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The NFL's Black Eye
Peter King
February 07, 2000
Ted Cottrell is the latest black assistant shut out of a top job
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February 07, 2000

The Nfl's Black Eye

Ted Cottrell is the latest black assistant shut out of a top job

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Ted Cottrell has a dream. Since joining the NFL coaching fraternity as a line-backers coach with Kansas City in 1981, he has envisioned himself as boss of a team. Certainly he has the credentials. Cottrell, 52, has coached the linebackers and/or defensive line of the Chiefs, the USFL's New Jersey Generals, the Cardinals and the Bills. In '98 Buffalo promoted him to defensive coordinator; this season the Bills finished first in the NFL in team defense, allowing just 14.3 points and 252.8 yards per game. "I'm ready," Cottrell says. "I've learned from some of the best coaches in the game."

Ted Cottrell is black. His phone didn't ring in January, when the six teams with coaching vacancies conducted at least 15 interviews, only two of which were believed to have been with black candidates, new Kansas City linebackers coach Willie Shaw and Atlanta offensive line coach Art Shell. Unless the Saints hire a black coach (the front-runners are Dom Capers and Jim Haslett, both white), the NFL will continue its lily-white string of hires: Of the Past 30 new head coaches, only one—Ray Rhodes in Green Bay last year—was black.

Commissioner Paul Tagliabue said last week that African-Americans are "in the pipeline" for head coaching jobs. Really? What kind of pipeline excludes the coordinator of the league's best defense? Dave Wannstedt and Bill Belichick, both of whom had losing records in their previous head coaching stints, have taken over the Dolphins and the Patriots, respectively. Shell, who had a 54-38 record in six seasons as the Raiders' coach, has gone more than five years without a second shot. Rams offensive coordinator Mike Martz builds a potent unit and pops up on everyone's short list before re-upping with St. Louis in a deal that gives him the head job when Dick Vermeil retires. Cottrell builds a potent unit and makes no one's short list.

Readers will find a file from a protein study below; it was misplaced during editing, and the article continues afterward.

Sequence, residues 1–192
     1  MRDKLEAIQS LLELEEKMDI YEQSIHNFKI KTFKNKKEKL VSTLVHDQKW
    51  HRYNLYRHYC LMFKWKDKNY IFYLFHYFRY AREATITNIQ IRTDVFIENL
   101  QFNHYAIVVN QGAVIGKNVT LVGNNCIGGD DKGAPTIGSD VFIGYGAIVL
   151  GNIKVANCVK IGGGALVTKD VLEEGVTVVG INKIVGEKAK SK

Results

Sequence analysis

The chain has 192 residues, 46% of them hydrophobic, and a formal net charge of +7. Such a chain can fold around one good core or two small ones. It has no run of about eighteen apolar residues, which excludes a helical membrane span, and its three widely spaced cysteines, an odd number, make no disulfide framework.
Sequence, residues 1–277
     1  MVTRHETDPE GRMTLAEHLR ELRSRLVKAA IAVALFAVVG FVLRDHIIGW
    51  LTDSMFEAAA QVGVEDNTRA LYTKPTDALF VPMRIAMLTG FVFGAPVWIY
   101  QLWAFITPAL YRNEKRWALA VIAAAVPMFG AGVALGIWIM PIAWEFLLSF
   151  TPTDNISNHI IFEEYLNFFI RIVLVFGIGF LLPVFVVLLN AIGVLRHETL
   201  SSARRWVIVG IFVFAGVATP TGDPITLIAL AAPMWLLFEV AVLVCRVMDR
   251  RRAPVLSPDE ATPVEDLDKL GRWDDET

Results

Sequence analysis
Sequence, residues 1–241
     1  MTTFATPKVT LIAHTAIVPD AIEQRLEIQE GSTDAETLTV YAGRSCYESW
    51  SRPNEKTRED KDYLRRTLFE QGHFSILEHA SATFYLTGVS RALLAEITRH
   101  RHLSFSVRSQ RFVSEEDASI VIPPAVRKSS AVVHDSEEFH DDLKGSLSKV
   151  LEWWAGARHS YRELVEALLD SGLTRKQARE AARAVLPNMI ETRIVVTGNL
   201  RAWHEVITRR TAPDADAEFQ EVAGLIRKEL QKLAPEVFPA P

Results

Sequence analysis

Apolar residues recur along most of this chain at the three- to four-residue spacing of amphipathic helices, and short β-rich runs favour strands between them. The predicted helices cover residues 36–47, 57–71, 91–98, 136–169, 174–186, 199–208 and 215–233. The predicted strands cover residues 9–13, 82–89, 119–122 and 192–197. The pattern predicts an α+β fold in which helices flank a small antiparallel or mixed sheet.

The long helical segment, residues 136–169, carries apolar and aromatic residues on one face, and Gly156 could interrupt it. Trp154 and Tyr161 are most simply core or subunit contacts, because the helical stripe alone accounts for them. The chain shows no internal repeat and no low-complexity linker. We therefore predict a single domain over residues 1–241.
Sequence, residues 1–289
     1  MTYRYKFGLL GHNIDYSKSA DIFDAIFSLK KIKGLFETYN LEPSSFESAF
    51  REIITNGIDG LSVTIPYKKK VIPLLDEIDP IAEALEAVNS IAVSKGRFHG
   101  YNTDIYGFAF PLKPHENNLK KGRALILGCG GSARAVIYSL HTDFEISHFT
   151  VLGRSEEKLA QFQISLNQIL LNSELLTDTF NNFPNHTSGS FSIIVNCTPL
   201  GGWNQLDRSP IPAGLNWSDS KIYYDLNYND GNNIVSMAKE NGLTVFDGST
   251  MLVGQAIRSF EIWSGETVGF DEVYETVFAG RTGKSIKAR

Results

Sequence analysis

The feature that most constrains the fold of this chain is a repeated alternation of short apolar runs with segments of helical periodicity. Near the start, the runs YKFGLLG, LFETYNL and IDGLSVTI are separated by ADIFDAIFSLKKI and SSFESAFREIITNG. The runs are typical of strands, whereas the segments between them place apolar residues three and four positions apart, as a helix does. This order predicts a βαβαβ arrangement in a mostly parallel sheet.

"I don't think it's overt racism," says Buccaneers coach Tony Dungy, one of two black NFL head coaches, along with the Vikings' Dennis Green, "but for some reason, Ted Cottrell isn't a household name and Mike Martz is. Very few of our owners would know who Ted Cottrell is."

Tagliabue says he can't force the 31 NFL owners—all white—to hire anybody. But he offers no fresh ideas, nor does he do anything symbolic such as publicly chastising the owners. Meanwhile, Cottrell waits. "I guess we're just going to have to duplicate what we did with this year's defense next year," he says. "You can't get too discouraged. My father taught me never to give up my dreams."

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